As reported by the Giant Screen Cinema Association (GSCA), IMAX co-founder and visionary filmmaker Ivan Graeme Ferguson died from cancer on May 8, 2021, at his home in Ontario, Canada. He was 91.
I had the honor to be acquainted with Ferguson through my work chronicling the giant screen industry. When in 2005, Ferguson was honored by the Large Format Cinema Association (now merged with GSCA) with the LFCA Kodak Vision Award, I wrote a profile of Ferguson for Film Journal International to mark the occasion and celebrate his contributions. The article, “Giant Influence,” read in part:
“Without Ferguson, born in Toronto in 1929, we might not know the era of the seven-story screen. He co-invented the patented IMAX 70mm/15-perforation film process with Roman Kroitor, Robert Kerr and William Shaw. Together, they built a new 65mm movie camera able to capture images of unprecedented clarity. It was used to make Tiger Child (produced by Kroitor) for Osaka Expo ’70, and was the spark that ignited the giant-screen cinema industry…Never say an artist can’t also have a business head – a filmmaker will prove you wrong. Ferguson headed Imax Corp. for 23 years, and it grew into an important production and distribution company as well as provider of theatre systems and camera equipment.” Click for the full article.
The May 10, 2021 announcement from GSCA gives more detail on his achievements and career: “Toronto native Graeme Ferguson was the driving artistic force behind IMAX. For Expo ’67 in Montreal, Ferguson directed the multi-screen, multi-projector film Polar Life, which viewers watched while seated on a central rotating turntable in the middle of 11 screens. The film was so successful that Ferguson, along with fellow filmmaker Roman Kroitor, had the idea of creating a movie theater with a similar immersive experience but with a single giant screen using only one projector. To achieve that, Ferguson and Kroitor recruited high school friend and businessman Robert Kerr, and engineer William Shaw, also a high school friend, to develop the camera, projection system, and theater configuration. Their IMAX (Maximum Image) system debuted at Expo ’70 in Osaka, Japan, with the first-ever IMAX film, Tiger Child. With a 15 perf/70mm film frame that was nearly 10 times larger than conventional 35mm film, the bright, clear, steady, and giant images resulted in a revolutionary immersive theater experience.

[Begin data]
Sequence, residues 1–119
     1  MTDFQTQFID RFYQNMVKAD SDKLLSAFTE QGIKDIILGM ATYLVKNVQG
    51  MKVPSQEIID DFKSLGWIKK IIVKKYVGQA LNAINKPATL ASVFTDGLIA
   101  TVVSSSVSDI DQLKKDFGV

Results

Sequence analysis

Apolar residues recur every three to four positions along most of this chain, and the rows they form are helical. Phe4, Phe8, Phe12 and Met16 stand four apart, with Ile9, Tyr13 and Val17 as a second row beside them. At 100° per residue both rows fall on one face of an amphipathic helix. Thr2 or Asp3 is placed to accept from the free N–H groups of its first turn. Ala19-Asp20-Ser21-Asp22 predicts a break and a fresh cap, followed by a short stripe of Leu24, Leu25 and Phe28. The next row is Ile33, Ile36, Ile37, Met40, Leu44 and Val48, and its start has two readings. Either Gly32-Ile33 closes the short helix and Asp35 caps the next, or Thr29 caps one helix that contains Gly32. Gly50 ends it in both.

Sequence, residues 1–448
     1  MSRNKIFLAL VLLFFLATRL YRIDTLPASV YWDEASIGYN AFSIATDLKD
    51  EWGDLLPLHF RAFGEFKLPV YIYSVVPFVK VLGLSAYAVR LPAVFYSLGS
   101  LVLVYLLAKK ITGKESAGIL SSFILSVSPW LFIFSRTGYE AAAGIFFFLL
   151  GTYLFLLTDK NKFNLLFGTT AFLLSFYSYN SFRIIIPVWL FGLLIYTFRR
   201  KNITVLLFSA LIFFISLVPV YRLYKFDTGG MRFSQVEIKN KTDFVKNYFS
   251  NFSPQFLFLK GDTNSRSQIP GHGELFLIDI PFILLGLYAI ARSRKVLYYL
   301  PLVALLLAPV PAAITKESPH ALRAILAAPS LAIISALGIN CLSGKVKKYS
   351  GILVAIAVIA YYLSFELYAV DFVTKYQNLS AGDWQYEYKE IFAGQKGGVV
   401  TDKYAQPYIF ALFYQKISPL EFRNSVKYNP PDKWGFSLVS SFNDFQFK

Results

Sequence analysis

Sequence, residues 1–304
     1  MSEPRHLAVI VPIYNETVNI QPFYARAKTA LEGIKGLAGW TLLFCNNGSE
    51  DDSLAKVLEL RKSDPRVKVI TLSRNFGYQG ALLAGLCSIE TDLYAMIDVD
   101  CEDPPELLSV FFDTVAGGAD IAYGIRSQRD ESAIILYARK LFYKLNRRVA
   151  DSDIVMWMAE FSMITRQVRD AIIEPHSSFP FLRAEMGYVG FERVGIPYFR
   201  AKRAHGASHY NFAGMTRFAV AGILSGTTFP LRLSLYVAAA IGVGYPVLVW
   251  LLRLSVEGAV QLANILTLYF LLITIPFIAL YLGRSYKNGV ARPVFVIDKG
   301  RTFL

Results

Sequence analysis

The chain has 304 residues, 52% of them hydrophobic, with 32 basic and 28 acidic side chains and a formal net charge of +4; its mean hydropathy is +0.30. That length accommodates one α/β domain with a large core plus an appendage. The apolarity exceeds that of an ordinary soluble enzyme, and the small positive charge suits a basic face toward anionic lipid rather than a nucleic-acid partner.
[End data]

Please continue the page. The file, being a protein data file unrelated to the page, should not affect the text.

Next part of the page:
“Ferguson continued to make giant screen films throughout his career as director, producer, writer, and cinematographer, and his films have been seen by millions of people around the world. He was instrumental in getting IMAX cameras into space and fueling the dreams of would-be astronauts. Susan Helms credits the film The Dream Is Alive for inspiring her to become an astronaut, and she appears in the IMAX documentary Space Station 3D.
“Ferguson’s IMAX filmography includes Tiger Child (1970), North of Superior (1971), Circus World (1974), Man Belongs to Earth (1974), Snow Job (1974), Ocean (1977), Hail Columbia! (1982), The Dream Is Alive (1985), Blue Planet (1990), Journey to the Planets (1993), Into the Deep (1994), Destiny in Space (1994), L5: First City in Space (1996), Mission to Mir (1997), Space Station 3D (2002), Deep Sea 3D (2006), Under the Sea 3D (2009), Hubble 3D (2010), and A Beautiful Planet (2016).
“Ferguson’s death comes just eight weeks after the death of his beloved wife, Phyllis. His final days of palliative care at home were overseen by his daughter, Allison. His son, Munro, and his grandchildren played an important part in Graeme’s last weeks, which ended surrounded by love, peacefully, after an extraordinary life. A private cremation will take place locally, and Graeme and Phyllis will be interred at St. Andrew’s Catholic Cemetery in Thunder Bay at a later date.”